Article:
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Are We Raising Our Kids to be Functional Adults?




By:  Dr. Katherine Albrecht, Ed. D.

Fort Fairfield Journal, February 17, 2016


    We've really changed our definition of what is shocking neglect on the part of parents and what's appropriate parenting.  Kids are kept home, stuck in front of the TV, a video game, or a screen of some sort or another because parents assume that at least that way they'll be "safe."  As a result, we're creating a whole nation of couch potatoes - kids who are not in shape - but more importantly who aren't mentally in shape or socially in shape because they never get to make their own decisions.  We have a problem. Kids are too sedentary, their lives are too controlled, they grow up and we have a generation of 20-something year-olds who don't know how to be adults. 

   For those of us who were kids in the 1950’s—80's, compared to the life of a kid in 2016, our lives were remarkable.  We went outside every day, we played in the street or in the woods and we made all sorts of decisions for ourselves.  We solved all sorts of problems, all sorts of disputes.  We made rules.  We did the kinds of things we expect people to do when they're grown up.  Nowadays, most kids’ decisions are made for them, all their disputes are solved for them by adults and they grow up and actually don't know how to run the world.  It makes it easier for bad people to control society when you have a population that's used to being told what to do throughout their childhood, never learning how to make decisions to prepare them to be adults.  That's not a good thing for liberty or our country.  Yes, it's really stressful and nerve-wracking to teach kids how to be independent because you're putting them on the edge of their abilities, but that's what growing up and maturing is all about.

   Something most of us did as children was walking or riding our bike to school every day by ourselves.  Today most kids either get a ride in a car or on the bus.  They have absolutely no training in independence and self-determination.  What's worse is we're living in a society that somehow thinks parents are neglecting their children if they do allow them to do things like that on their own.

   This problem is going to reverberate for generations to come.  It's going to be really challenging once our generation is gone and the next generation, the people who are now in their 20's, take over and run their own communities or even the world. Who is going to be around to really help remind future generations that it ever used to be any different?  I do worry often about that.  Once we're gone I don't know if anyone is going to remember a time when kids were able to think and reason on their own and make their own decisions.  It's going to be some antiquated notion that kids used to have the freedom to do those things themselves.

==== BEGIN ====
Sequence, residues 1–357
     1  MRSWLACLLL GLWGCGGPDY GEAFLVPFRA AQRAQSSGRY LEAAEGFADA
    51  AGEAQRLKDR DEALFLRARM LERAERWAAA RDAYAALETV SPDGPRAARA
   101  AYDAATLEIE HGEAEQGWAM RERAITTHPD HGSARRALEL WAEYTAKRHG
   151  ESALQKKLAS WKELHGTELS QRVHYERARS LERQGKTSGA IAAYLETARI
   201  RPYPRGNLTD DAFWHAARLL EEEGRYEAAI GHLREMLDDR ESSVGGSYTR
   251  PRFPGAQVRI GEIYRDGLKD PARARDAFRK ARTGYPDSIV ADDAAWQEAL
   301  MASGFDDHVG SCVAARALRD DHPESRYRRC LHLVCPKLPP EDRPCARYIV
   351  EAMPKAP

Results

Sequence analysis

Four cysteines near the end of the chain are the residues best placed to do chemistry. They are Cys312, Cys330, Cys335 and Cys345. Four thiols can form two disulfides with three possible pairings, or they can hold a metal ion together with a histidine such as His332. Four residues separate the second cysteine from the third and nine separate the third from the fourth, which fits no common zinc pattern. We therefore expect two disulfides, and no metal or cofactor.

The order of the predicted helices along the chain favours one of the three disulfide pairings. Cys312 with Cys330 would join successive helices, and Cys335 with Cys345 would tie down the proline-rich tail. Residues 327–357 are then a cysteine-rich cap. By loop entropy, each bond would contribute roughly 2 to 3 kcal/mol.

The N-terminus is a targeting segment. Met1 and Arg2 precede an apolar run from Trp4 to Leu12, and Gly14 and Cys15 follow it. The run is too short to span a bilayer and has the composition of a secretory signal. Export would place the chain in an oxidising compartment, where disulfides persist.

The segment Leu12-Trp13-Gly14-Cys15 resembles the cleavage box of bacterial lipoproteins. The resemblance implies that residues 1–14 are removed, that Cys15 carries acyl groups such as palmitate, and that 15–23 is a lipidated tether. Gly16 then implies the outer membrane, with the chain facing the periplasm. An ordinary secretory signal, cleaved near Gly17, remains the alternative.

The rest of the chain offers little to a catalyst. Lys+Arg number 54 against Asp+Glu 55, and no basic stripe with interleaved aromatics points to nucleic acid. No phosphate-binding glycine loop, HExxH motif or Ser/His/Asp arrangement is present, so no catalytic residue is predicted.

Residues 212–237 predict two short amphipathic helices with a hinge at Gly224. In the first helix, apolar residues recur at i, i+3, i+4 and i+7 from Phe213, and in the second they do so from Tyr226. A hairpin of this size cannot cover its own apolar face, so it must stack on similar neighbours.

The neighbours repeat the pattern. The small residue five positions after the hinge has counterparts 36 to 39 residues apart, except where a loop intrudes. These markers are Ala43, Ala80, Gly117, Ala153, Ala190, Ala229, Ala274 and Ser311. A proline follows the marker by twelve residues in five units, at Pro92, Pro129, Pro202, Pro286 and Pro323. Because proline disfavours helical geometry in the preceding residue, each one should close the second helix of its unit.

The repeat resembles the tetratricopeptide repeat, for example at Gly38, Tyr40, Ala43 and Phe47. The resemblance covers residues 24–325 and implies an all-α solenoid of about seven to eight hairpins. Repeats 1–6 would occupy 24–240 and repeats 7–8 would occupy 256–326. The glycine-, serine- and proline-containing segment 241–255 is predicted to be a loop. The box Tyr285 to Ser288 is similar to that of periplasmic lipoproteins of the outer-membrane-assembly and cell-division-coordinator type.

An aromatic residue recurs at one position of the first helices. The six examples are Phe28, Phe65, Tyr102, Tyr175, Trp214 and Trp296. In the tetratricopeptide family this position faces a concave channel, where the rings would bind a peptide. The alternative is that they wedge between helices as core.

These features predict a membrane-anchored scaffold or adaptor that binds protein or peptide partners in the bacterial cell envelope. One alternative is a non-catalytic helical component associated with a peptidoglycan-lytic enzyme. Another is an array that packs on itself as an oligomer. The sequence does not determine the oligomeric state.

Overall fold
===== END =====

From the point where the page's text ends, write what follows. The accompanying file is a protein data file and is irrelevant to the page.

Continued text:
I have a doctorate in Developmental Psychology from Harvard and these topics weren't raised the whole time I was there.  Never once was there a discussion of what we are doing to kids if we don't allow them to develop the autonomy to make some decisions. 

    When we grew up our parents would say, would you get out from under foot and we would go outside and play all day long.  We'd only come home when we noticed the sun was starting to set.  So, mom would be able to do whatever she was doing around the house and didn't have to feel responsible for constantly entertaining us.  Back in those days there were actually rainy day activities because those were the only times that mom had to figure out how to keep you busy because you literally couldn't go outside.  What happens now when kids get home from school is parents feel guilty that their kids aren't doing things so they pile on all the activities, you're going to have to go to this class and that class and that event and this event and then you're going to have a play date between the hours of whatever and whatever and I'm going to go with you on your play date.  It's not only impacting the kids negatively but it's really impacting the parents negatively when they feel constantly, around the clock responsible for the entertainment of their own kids as opposed to saying would you get out from under foot, go outside, I'll see you tonight.